North Dakota mulling tribal flags display in state Capitol
BISMARCK, N.D. (AP) — The North Dakota Indian Affairs Commission plans to formally request that the flags of the state’s five tribes become a permanent fixture at the Capitol after three unsuccessful legislative attempts to secure such a display.
A committee of state lawmakers will hear the commission’s request Thursday, the Bismarck Tribune reported.
Gov. Doug Burgum declared during his State of the State address that he would display the flags outside his office in Bismarck. The flags represent the Mandan, Hidatsa and Arikara Nation; the Standing Rock Sioux; the Turtle Mountain Band of Chippewa; the Sisseton Wahpeton Oyate; and the Spirit Lake Nation.
“As we continue to engage with the tribes in discussions about oil and gas tax revenue distribution, law enforcement, behavioral health and other priorities, we will do so with mutual respect and the understanding that we are all North Dakotans,” the governor said during his January address.
Scott Davis, the commission’s executive director, said he doesn’t anticipate any opposition to the request.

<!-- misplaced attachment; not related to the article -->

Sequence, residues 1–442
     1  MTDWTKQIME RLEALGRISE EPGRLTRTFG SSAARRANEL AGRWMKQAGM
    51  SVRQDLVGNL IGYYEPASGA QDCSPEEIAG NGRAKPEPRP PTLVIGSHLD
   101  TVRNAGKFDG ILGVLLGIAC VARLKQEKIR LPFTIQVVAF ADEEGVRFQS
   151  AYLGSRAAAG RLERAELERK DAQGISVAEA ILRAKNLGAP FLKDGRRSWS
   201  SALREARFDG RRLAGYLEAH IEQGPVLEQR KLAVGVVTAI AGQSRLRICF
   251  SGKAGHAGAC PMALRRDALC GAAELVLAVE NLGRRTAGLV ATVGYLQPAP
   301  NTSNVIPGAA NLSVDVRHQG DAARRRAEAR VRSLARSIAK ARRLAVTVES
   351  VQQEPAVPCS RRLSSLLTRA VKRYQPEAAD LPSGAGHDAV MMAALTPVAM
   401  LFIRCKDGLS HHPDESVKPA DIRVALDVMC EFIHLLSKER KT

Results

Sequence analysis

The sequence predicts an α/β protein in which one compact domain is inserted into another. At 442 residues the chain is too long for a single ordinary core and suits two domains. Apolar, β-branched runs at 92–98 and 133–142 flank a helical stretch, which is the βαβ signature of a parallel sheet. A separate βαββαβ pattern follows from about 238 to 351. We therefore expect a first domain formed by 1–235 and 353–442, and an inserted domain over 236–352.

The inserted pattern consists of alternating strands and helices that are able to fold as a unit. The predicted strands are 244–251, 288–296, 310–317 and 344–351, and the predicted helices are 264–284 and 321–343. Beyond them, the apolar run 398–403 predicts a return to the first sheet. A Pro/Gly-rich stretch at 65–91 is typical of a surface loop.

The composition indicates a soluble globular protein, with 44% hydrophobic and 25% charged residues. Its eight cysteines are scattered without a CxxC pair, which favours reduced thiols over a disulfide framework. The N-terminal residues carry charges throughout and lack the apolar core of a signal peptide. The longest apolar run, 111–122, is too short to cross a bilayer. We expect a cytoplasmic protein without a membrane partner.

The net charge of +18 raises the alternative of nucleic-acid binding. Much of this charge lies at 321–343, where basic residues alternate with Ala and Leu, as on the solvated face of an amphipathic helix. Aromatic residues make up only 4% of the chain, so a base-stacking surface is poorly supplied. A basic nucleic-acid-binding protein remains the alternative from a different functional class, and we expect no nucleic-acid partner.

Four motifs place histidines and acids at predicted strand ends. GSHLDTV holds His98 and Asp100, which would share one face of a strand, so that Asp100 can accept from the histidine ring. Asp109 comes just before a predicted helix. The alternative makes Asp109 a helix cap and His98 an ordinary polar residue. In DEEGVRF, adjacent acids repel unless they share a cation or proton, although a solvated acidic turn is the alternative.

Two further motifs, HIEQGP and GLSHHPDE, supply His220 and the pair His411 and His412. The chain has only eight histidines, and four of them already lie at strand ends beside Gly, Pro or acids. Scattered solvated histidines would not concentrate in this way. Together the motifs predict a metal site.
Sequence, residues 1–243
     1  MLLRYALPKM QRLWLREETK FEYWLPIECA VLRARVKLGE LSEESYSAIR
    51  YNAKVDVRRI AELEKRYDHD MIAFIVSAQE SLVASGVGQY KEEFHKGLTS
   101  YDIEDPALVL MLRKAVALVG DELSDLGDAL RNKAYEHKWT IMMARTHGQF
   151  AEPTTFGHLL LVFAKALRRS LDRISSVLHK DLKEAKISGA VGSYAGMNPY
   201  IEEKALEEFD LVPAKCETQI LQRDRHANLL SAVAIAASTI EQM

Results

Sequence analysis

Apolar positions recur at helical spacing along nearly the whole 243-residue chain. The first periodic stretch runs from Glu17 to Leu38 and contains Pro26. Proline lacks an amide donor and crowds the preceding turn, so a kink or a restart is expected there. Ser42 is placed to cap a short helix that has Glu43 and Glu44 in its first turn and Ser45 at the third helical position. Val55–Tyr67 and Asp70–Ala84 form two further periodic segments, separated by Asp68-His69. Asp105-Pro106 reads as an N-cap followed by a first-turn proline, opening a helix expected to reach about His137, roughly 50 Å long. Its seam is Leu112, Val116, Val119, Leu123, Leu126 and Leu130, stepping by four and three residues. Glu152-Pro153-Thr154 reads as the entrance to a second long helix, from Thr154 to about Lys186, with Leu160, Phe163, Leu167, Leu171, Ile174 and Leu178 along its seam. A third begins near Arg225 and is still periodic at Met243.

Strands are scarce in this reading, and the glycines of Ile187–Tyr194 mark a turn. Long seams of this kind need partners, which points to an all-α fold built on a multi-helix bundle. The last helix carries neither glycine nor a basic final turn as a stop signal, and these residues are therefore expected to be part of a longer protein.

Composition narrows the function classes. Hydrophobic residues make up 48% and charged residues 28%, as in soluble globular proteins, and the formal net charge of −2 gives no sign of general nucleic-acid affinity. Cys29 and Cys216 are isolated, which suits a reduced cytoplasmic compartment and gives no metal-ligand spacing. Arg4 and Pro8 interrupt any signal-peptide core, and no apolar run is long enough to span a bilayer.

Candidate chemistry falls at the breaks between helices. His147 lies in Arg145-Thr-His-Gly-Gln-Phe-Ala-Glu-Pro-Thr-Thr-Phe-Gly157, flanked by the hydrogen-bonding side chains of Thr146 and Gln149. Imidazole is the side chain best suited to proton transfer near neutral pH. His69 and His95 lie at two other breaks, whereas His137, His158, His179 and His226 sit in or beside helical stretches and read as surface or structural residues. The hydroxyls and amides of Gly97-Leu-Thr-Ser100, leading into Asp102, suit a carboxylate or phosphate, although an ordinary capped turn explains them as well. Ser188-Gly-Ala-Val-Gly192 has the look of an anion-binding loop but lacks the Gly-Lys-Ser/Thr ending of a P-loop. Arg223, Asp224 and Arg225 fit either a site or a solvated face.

“I think with the governor’s initiative on tribal engagement, this was such a powerful choice that he chose to do in leadership,” Davis said.
Sen. Richard Marcellais, a former Turtle Mountain tribal chairman, proposed three bills in three legislative sessions to erect the tribal flags, but the senators wouldn’t pass the measures, citing cost and space issues.
Marcellais had planned to submit another bill proposal to the 2019 Legislature, but he decided against it after Burgum’s address.
“I appreciate what Gov. Burgum has done, and it shows a better relationship between the state and the tribal governments,” said Marcellais, who is one of at least three enrolled tribal members elected to the 141-member Legislature.
Senate Majority Leader Rich Wardner, who chairs the committee that will meet Thursday, said legislators will hear thorough details of the commission’s request and act accordingly.
“I think everybody has accepted where they’re at,” Wardner said of the flags.